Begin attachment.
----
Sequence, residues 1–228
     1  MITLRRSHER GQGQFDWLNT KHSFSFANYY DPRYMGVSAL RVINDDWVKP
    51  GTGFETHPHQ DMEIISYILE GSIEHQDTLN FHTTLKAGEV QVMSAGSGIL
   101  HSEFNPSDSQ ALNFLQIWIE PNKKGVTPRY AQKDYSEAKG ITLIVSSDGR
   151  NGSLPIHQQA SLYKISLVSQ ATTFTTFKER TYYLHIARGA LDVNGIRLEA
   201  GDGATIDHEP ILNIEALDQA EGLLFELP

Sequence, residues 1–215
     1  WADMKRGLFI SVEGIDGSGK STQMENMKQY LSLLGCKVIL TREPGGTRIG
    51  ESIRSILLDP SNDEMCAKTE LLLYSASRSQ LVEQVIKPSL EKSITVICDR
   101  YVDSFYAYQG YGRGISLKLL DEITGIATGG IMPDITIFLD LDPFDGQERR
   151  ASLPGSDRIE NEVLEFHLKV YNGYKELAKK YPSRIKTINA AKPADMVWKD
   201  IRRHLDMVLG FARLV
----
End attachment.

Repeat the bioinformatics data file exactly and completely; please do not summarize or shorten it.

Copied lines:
Sequence, residues 1–228
     1  MITLRRSHER GQGQFDWLNT KHSFSFANYY DPRYMGVSAL RVINDDWVKP
    51  GTGFETHPHQ DMEIISYILE GSIEHQDTLN FHTTLKAGEV QVMSAGSGIL
   101  HSEFNPSDSQ ALNFLQIWIE PNKKGVTPRY AQKDYSEAKG ITLIVSSDGR
   151  NGSLPIHQQA SLYKISLVSQ ATTFTTFKER TYYLHIARGA LDVNGIRLEA
   201  GDGATIDHEP ILNIEALDQA EGLLFELP

Sequence, residues 1–215
     1  WADMKRGLFI SVEGIDGSGK STQMENMKQY LSLLGCKVIL TREPGGTRIG
    51  ESIRSILLDP SNDEMCAKTE LLLYSASRSQ LVEQVIKPSL EKSITVICDR
   101  YVDSFYAYQG YGRGISLKLL DEITGIATGG IMPDITIFLD LDPFDGQERR
   151  ASLPGSDRIE NEVLEFHLKV YNGYKELAKK YPSRIKTINA AKPADMVWKD
   201  IRRHLDMVLG FARLV